Earlier this month, the worst of the COVID-19 pandemic seemed to be behind us, and housing economists were certain high mortgage rates were in our future.
But then came the discovery of the omicron variant, which brought a renewed and unwelcome dose of uncertainty into everyone’s lives.
Now, just as it is too early to say how concerned we are all about this new development, it is unlikely that these expectations will hold steady.
Shmuel Shaywitz, President and Chief Lending Officer at approved financing.
Usually, investors put their money into bonds and treasuries in times of uncertainty, and this investment financing tends to flow from the stock market.
Bonds are a safe, low-risk investment, attractive to people who don’t have an appetite for a lot of uncertainty, and for investors looking for something stable in an uncertain time.
Usually bond rates and mortgage interest rates It has an inverse relationshipHigher bond prices lower the cost of mortgage interest rates.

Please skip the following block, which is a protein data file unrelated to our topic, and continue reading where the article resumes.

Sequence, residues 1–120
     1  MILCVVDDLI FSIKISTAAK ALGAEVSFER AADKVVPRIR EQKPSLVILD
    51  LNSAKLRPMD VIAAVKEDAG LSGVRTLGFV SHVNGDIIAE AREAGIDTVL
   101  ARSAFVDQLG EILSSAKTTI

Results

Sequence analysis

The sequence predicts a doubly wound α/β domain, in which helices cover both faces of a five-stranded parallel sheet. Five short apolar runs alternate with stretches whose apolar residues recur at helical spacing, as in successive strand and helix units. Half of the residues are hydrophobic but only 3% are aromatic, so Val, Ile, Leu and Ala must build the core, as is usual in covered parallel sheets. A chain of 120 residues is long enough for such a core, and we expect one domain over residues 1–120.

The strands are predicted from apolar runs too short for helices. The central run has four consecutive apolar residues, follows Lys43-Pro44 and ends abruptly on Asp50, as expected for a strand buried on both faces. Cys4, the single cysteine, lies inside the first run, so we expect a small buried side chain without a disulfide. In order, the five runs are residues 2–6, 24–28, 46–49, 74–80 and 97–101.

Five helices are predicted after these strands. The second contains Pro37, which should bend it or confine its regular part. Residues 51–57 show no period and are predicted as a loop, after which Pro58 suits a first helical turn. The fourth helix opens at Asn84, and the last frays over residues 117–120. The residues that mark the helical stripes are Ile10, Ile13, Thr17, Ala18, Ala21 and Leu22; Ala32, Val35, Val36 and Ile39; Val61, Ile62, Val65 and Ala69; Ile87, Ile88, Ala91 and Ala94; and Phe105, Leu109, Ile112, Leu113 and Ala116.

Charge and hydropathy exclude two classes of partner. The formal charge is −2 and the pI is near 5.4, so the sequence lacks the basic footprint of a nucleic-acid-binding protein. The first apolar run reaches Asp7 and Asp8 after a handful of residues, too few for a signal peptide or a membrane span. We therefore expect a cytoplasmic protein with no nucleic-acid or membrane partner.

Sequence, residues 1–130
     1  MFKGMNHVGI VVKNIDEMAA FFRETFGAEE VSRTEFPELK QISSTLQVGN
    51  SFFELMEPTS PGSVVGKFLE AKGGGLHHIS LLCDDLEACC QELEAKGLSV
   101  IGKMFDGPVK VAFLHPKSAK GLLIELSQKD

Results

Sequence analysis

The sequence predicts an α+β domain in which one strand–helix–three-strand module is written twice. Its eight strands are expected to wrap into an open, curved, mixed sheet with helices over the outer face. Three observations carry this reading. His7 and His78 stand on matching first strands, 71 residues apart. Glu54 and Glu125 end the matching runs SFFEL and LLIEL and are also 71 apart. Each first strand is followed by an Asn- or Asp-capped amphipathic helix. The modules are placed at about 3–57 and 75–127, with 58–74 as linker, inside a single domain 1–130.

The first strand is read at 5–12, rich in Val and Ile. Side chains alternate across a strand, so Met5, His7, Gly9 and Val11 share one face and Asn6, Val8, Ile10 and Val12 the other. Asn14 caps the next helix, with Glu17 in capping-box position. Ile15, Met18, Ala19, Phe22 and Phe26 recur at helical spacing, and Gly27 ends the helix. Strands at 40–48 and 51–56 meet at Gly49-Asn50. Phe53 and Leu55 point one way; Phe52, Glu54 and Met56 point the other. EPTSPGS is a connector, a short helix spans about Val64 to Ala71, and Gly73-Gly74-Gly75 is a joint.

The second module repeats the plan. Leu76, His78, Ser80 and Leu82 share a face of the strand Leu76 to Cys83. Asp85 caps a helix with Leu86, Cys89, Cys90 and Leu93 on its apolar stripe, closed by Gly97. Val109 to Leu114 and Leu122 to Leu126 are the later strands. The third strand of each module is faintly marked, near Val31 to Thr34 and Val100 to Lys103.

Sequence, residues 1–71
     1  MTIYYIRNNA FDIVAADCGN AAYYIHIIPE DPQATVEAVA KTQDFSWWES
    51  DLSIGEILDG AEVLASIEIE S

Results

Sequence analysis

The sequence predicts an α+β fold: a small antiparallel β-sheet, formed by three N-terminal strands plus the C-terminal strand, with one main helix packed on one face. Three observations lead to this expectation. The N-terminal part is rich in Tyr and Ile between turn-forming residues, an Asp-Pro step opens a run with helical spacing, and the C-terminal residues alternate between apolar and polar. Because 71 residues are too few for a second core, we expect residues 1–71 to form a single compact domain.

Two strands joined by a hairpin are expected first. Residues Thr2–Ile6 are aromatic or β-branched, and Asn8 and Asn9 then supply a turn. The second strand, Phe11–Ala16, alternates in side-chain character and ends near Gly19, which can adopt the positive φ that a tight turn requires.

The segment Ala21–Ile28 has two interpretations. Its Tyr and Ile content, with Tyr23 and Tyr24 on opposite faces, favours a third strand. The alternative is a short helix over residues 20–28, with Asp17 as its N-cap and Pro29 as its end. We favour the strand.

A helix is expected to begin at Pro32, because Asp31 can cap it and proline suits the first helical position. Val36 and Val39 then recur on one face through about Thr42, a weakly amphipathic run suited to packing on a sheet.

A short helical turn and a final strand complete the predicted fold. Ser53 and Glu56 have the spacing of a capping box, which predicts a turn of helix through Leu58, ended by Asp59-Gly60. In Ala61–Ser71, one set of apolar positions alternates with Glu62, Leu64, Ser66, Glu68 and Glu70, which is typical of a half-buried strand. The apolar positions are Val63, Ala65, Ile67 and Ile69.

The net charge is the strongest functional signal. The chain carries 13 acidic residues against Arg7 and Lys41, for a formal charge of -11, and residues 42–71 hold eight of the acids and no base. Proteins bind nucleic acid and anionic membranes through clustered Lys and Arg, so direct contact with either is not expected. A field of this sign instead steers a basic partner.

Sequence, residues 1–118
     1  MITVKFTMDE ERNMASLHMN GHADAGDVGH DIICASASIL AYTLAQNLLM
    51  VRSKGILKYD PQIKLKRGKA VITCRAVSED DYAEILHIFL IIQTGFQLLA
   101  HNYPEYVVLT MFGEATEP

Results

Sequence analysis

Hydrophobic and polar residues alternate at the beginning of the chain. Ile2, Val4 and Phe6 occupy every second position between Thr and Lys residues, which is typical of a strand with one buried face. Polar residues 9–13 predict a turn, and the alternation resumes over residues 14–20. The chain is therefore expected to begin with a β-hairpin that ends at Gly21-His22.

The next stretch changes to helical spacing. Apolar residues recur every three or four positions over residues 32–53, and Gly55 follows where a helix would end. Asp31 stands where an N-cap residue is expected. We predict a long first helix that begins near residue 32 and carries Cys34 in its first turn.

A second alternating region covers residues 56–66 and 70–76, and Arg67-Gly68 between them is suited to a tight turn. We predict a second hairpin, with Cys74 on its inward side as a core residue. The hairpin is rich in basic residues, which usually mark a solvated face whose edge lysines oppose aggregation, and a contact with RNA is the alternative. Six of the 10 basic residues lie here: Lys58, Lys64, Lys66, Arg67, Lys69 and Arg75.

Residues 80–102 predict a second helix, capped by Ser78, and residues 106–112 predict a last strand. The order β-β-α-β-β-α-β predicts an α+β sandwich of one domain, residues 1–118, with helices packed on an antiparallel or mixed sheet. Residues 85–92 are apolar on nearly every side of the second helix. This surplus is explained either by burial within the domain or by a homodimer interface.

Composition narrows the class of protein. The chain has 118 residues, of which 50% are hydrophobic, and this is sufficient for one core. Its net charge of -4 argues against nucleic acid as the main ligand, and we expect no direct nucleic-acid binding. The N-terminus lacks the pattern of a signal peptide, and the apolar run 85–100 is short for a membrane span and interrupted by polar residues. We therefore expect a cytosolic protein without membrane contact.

But this was generally not the case last year.
“During Covid, bond markets and stock markets alike were benefiting due to Fed intervention benefiting everyone through artificial market manipulation,” Chayewitz says.
He said, “When it was clear that the Covid pandemic had reached the United States, the Federal Reserve acted aggressively. This was done through stimulus and monetary policy such as quantitative easing, aggressive bonds and Treasury purchases to add massive liquidity to the markets and to lower prices.”
Last week, Federal Reserve Chairman Jerome Powell told a congressional committee that he was considering ending the central bank’s bond purchases, as the economy appeared to be stabilizing. But this was before the advent of the omicron.
However, so far, Šiewicz said he is cautious but not overly concerned about the effects of variables on mortgages.
“It’s not likely that prices will drop further because of the new alternative from Omicron,” he says.
“While there is concern in particular about what is happening in other countries, bond analysts are now cautiously optimistic and not considering the information we are saying now that it will have any significant impact on the markets,” he adds. Of course that depends on what we say globally, as of today.”